Twitter had some bad news for fans of its looping-videos platform Vine yesterday: it’s shutting down.

“In the coming months we’ll be discontinuing the mobile app,” explained Vine in a blog post. “Nothing is happening to the apps, website or your Vines today. We value you, your Vines, and are going to do this the right way.”

That means keeping the Vine website (and all its content) online for now, while enabling people to download their Vine videos in advance of any change to that policy.

Although the news came as a shock, early analysis suggests it’s less of a surprise: if there was a successful business model with Vine, it was likely around the kind of branded content that’s gravitated towards Snapchat and Instagram instead.

Add in Vine’s copyright headaches for Twitter – think user-uploaded sports highlights – and a company strategy that’s focusing much more on live Periscope streams, and the shutdown isn’t so hard to understand.

It’s still a sad moment: for a time, Vine was a genuinely exciting new media format, and one that spawned a few musicians that have gone on to wider success (e.g. Shawn Mendes).

Vine’s shutdown may have made the most headlines overnight, but Twitter also announced its latest quarterly financial results yesterday. The social network has confirmed that it will cut 9% of its staff – around 350 people – as it seeks to cut costs and sharpen its business focus.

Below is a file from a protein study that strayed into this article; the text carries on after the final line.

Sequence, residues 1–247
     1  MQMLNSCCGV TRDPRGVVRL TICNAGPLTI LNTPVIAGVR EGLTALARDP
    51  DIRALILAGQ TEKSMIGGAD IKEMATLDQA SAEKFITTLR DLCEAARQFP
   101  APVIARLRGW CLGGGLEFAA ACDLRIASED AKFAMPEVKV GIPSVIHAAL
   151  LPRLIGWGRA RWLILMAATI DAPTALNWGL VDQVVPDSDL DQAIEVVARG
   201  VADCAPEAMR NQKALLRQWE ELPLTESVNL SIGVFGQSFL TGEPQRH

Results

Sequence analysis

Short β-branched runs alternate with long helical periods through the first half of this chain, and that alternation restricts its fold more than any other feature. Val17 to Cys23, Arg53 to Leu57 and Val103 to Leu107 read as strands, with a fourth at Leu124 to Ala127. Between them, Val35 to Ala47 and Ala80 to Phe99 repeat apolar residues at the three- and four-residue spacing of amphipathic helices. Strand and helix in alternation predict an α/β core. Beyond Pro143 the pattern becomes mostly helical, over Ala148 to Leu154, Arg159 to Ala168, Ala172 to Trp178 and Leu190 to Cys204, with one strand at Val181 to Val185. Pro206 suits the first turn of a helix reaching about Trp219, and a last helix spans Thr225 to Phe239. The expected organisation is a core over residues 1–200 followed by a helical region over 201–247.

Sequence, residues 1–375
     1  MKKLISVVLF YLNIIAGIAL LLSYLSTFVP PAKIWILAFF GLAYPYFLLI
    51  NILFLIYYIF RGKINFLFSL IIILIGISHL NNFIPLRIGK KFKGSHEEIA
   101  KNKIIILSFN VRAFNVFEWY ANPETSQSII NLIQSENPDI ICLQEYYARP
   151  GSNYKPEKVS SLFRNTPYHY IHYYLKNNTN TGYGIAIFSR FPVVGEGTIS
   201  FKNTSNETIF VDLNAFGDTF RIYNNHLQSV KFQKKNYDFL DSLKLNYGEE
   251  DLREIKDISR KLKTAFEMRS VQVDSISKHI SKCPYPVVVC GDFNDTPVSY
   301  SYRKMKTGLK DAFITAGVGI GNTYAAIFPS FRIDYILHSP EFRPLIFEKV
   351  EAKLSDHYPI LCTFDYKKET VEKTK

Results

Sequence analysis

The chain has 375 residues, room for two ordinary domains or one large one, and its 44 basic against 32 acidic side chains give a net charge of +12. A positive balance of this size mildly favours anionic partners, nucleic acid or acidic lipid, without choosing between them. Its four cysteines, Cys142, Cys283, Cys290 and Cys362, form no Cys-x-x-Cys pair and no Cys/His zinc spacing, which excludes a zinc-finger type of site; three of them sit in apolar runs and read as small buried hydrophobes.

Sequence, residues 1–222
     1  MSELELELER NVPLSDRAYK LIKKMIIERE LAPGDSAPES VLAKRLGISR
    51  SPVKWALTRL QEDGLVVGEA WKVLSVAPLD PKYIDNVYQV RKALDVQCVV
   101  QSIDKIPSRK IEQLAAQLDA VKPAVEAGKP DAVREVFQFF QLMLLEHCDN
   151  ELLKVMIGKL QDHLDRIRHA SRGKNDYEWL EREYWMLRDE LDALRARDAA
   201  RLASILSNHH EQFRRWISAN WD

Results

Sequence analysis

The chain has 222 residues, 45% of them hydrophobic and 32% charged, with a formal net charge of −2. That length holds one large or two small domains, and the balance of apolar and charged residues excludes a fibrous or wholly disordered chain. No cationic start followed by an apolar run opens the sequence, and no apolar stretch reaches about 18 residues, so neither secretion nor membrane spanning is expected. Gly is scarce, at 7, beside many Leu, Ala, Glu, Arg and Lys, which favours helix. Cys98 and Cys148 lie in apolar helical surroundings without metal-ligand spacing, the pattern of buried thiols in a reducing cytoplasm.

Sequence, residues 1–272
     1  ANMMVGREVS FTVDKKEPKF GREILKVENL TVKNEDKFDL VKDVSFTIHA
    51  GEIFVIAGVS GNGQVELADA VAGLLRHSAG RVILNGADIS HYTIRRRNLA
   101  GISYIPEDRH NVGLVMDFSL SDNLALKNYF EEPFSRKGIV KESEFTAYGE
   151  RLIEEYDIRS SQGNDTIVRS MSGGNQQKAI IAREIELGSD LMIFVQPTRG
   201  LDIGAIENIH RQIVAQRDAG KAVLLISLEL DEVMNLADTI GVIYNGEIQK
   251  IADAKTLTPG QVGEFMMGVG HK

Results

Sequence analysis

“We’re getting more disciplined about how we invest in the business, and we set a company goal of driving toward GAAP profitability in 2017,” claimed CFO Anthony Noto. An ambitious goal, given that in the first nine months of 2016, Twitter’s net losses totalled just under $290m.

Still, Twitter’s Q3 results actually beat analyst expectations: revenues up 8% year-on-year to $616m, and a net loss of $103m. Twitter’s average monthly active users (MAUs) were up 3% year-on-year to 317m, which is at least some growth if sluggish – even with nearly five times the users, Facebook reported 15% YoY growth in its last financials.

Twitter’s letter to shareholders is worth a read for its overview of the company’s strategy: livestreaming video remains a priority, with hints at plans to do more with topic-based feeds – music could well be one area for the latter.

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